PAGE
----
Joining the Army. Part 1.

I’m going to split this into 2 maybe 3 parts so it’s not entire novel.

I joined the Army in 2014. I’m just going to talk about my experience enlisting, basic training, and my first duty station.

So, I made an appointment with a recruiter after I called and they asked me a few questions just to see if I’m even eligible to enlist, which I was. I walked in there on the day of my appointment and they just asked a lot of questions, asked for my ID and pretty basic stuff.

The next I was to go in, I had to bring my birth certificate, green card, all that stuff. They ran a background check on me, they checked if I was on the sex offender list, they were thorough. I also had a call with a higher up and he asked me if I had ever done drugs, why I wanted to enlist, it was called something like “the hot seat.” It was supposed to be intimidating. They left me alone in a room for that phone call though, which made it easier.

After they had gotten all their paperwork done, I had to meet with an FBI agent, I can’t remember exactly, but I’m pretty sure it was because I wasn’t born in this country. She asked me for my passport, and if I had any connections with anybody in Cuba still. Which I did, my family.

I met with her twice to bring the additional paperwork she needed. Everything went well. She asked me a lot of questions and made me fill out a lot of paperwork. It’s for a security clearance, which you need.

So, the day came when I had to take my ASVAB, which is the Armed Services Vocational Aptitude test, it’s a test you need a certain score on to be able to join, it’s not what I thought it was going to be like, so study. A lot. They drove us all out to MEPS, which is the Military Entrance Processing Station, this is where the testing was going to take place.

We waited around for a long time before we actually got to test. All I heard my first 6 months in the Army was “hurry up and wait.” Which means hurry up and do everything you need to do as quickly as possible but you’re still going to wait to move on to whatever you’re doing next. You’re going to hear this a lot.

So they test was on a computer, I’m not going to talk too much about the actual test because I don’t remember much of it and I also don’t want to give anyone the wrong idea on what the test is like. There are a million books on the ASVAB and websites with practice quizzes, utilize any and all resources you can.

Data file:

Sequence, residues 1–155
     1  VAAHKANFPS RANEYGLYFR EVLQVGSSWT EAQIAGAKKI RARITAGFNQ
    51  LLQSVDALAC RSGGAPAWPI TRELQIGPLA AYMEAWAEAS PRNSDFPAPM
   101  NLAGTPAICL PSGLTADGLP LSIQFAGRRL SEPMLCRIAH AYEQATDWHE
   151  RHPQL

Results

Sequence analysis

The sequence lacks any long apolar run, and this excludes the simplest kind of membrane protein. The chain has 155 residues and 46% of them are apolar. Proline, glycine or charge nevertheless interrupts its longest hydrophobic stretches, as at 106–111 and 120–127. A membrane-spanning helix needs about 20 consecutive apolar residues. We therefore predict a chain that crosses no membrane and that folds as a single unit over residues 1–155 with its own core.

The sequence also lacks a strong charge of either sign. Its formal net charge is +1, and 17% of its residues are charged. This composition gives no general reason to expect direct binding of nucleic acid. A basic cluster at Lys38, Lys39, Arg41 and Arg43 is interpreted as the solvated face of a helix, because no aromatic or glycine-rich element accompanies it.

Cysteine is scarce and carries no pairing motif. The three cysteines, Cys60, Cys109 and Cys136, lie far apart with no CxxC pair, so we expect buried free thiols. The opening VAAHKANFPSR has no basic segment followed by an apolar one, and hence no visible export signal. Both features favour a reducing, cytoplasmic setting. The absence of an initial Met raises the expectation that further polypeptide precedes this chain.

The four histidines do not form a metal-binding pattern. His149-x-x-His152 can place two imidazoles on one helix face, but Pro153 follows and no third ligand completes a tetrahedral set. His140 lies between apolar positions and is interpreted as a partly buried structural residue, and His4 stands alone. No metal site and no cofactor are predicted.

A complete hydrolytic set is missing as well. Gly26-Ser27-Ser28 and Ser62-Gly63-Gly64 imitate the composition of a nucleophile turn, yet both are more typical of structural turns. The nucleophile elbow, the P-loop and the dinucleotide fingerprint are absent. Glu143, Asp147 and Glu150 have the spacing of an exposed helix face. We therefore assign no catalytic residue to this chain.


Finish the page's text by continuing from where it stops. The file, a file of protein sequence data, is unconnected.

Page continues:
The room with all the computers was COLD. So, cold. It was freezing in there, I remember that so vividly.

I took the test, which took about 30 minutes maybe?

Then they took us all back to the recruiting station. They said by the time we got back, the results would be in, and they were. I passed but I didn’t get a great score, I thought the test was going to be like the subjects you learn in school. I was very wrong. Well, that was pretty much it for that day.

Next came MEPS, the real reason MEPS exists. Basically making sure you’re physically ready to join the Military. They did an eye exam, ear exam, urine test, they drew blood, we did the whole stand in your underwear in front of all the other girls thing, we got weighed, and we had a doctor look at us individually and take note of all our tattoos. Also, when he did the urine test we peed in front of a lady looking directly at our pee stream, that was super duper fun. That took a whole day, there was a lot of people to go through. Oh, and when we got there the first thing they made us do was a breathalyzer, so don’t show up drunk.

After everything was done, I was good to go, I got a ship date. The day I would be leaving to basic training. I got to go to basic in Oklahoma. When the day came to be shipped we had to swear in the morning of, super early in the morning. We did the whole swearing in with our right hand raised in front of the flag thing, our families were there, it was all good and cool. They put us up in a hotel that day and the next day is the actual day they would drive us to the airport and stuff, which everything was paid for by the way, even the food.

The next day, we shipped out to basic training.

That’s the first part of how enlisting in the Army was like

I’m sure I left out certain things because it was so long ago, my memory is a little fuzzy but if you have any questions about anything at all, contact me and I would be happy to answer as best I can.

Stayed tuned for part: 2 what basic training was like.

Thank you for reading.

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